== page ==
Fair may start on Sunday next year: Leaders cite state fair, sports

The Wood County Fair could be starting on a Sunday next year, if a scheduling shift is allowed by Ohio Department of Agriculture.

The current Monday to Monday schedule creates overlapping date conflicts with the Ohio State Fair and high school sports.

The change is supported by Ohio Rep. Haraz Ghanbari, R-Perrysburg, who has sent a formal letter of support to Wood County Fair Board President Kyle Culp and the Wood County Agricultural Society.

“The plan is to submit for new dates,” Culp said. “Whether ODA approves them, or not, is virtually out of our control.”

The dates the board agreed on in the spring are July 30 to Aug. 6, 2023. The deadline for submission is November. The board could submit the requested dates earlier, but is also still gathering support for the change.

The director of the ODA, Dorothy Pelanda, visited the Wood County Fair on Monday.

“I took it as an opportunity to have a conversation about this,” Culp said. “We’re making sure we have all the information we need before it’s submitted, but it’s nearly ready.”

The current Ohio Revised Code prohibits adjacent counties from having fairs that overlap with each other. Wood County has seven adjacent counties. Culp said that not all county fairs are a week long and they do not all begin on a Monday.

Chief among the issues it would help solve is a conflict with the Ohio State Fair. With a new Sunday to Sunday schedule, 4-H animals and projects could then move on to competition at the state fair.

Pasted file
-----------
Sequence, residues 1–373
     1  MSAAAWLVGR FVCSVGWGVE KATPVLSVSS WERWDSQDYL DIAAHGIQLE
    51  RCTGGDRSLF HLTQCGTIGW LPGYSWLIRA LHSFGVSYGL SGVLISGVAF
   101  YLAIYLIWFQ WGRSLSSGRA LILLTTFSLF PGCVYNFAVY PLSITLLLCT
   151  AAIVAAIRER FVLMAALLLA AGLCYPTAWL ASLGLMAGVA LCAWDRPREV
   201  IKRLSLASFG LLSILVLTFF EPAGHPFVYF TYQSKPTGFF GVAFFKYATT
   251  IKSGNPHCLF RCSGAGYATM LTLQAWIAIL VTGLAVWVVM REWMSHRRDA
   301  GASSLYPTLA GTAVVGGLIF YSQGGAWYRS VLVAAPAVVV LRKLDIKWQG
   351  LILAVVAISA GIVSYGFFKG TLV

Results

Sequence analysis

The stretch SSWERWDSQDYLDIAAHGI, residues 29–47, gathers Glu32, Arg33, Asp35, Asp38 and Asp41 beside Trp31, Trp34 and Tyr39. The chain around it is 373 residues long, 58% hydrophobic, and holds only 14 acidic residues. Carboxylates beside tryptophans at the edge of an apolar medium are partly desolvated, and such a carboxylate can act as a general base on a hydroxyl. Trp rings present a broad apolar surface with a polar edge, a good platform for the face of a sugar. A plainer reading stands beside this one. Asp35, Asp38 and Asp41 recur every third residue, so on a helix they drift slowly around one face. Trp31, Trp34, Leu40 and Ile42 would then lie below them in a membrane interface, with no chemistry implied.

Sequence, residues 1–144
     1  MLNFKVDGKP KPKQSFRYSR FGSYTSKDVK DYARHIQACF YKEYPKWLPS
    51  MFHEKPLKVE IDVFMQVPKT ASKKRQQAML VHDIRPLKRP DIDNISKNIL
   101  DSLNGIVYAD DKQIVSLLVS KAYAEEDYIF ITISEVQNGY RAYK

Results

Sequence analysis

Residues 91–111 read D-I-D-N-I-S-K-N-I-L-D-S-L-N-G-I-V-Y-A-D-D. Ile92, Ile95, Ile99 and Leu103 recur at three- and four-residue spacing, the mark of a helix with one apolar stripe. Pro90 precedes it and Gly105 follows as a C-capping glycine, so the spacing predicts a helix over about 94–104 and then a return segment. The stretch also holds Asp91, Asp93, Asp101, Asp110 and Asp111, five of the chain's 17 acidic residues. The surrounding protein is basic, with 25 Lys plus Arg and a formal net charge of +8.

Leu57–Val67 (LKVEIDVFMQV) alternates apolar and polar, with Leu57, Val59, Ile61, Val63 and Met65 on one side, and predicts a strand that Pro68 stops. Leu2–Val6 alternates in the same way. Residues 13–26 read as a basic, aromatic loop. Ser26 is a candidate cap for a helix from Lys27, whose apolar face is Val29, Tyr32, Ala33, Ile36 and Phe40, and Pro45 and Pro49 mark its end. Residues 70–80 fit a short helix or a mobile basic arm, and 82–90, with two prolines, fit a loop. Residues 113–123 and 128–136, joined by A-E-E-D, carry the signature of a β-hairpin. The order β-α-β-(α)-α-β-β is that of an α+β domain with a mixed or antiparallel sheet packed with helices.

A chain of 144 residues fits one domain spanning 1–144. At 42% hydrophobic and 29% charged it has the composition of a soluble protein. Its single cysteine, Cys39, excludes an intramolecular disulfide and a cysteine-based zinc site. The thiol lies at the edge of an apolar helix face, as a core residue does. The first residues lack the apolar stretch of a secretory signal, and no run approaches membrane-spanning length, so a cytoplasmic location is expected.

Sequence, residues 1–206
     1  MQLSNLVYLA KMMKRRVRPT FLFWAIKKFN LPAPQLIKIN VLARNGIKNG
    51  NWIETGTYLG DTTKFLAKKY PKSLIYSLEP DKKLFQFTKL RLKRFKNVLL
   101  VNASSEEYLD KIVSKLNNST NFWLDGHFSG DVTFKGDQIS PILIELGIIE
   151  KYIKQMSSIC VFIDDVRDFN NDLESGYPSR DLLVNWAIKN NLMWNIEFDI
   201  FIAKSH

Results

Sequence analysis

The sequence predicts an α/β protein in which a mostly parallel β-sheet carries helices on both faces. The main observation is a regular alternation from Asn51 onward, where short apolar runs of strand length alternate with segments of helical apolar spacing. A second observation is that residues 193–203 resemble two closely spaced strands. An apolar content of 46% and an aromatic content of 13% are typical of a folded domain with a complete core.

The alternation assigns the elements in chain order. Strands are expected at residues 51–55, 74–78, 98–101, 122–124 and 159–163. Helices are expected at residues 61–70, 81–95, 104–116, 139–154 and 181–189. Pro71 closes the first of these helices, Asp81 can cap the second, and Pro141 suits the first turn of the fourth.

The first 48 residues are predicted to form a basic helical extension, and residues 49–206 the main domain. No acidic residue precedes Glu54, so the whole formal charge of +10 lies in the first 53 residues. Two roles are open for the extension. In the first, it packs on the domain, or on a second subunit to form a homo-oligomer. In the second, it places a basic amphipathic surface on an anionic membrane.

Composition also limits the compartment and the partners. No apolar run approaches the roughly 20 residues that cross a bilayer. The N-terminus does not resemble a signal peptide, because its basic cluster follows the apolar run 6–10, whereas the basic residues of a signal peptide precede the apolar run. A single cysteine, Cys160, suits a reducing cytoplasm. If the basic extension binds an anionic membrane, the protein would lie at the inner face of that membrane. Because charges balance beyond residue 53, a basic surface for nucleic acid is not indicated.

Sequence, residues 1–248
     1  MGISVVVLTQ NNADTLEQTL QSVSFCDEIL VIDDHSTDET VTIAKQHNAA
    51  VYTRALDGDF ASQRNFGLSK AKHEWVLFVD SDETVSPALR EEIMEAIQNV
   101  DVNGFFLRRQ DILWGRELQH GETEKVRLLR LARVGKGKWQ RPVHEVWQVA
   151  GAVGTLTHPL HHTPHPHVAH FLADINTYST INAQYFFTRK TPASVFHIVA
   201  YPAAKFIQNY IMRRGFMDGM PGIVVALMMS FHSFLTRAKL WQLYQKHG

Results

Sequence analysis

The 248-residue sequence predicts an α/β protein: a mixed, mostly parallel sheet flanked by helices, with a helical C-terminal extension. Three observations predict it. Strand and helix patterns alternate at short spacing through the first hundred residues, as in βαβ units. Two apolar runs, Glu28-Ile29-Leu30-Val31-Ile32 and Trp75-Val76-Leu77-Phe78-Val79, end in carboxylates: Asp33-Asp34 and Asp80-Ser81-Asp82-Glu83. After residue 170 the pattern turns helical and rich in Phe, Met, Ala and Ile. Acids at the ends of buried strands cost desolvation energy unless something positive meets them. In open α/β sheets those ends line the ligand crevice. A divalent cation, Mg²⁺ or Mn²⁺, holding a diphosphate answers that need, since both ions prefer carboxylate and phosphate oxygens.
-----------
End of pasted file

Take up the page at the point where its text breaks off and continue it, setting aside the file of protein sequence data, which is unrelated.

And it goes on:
“No longer would children be forced to choose between showing at their local county fair or the state fair,” Ghanbari wrote in his letter of support. “Furthermore, this change would prove helpful to the parents of these children as well as they would then have the ability and time to properly schedule time for their children to participate in the fair.”

There are also conflicts with Ohio High School Athletic Association sports, which allow practices to begin on Aug. 1.

Culp has researched how these restrictions have affected the fair, and last year made a presentation to the Ohio Farm Bureau Federation for elimination of the overlap rule and allowing local control over fair dates. He is a former trustee and treasurer, both volunteer positions, for the organization.

“If the board believes we should do that, and it’s one day, I believe we should just have the freedom to do that,” Culp said. “At this point, the board has not had a discussion on a wholesale move, but rather how we make things easier on the back end, how do we make scheduling easier in the middle of the week. Gaining one extra day on the front side, solves about 80% of our issues.”

In that presentation he said that “nearly one third of Ohio’s counties have a period of overlap with the Ohio State Fair. Residents in the affected counties, fair participants and general population alike, are faced with the decision to either fully participate in county level events, state fair events, or some partial combination of the two.”

He also presented the sports conflict issue, noting the specific problems faced by some athletes.

“In a county like Wood, the result is students are often faced with threats of reduced playing time or being cut during tryouts if they participate in fair activities that conflict with practices. These difficult choices were actually presented to Wood County Junior Fair participants,” Culp wrote.

There are logistical concerns about moving the start date forward. The non-livestock projects need to be set up for display and some feel that having the entire weekend is necessary.

Culp also pointed out that people would have one less weekday to take off work, potentially as a vacation day, with the shift to a Sunday to Sunday schedule.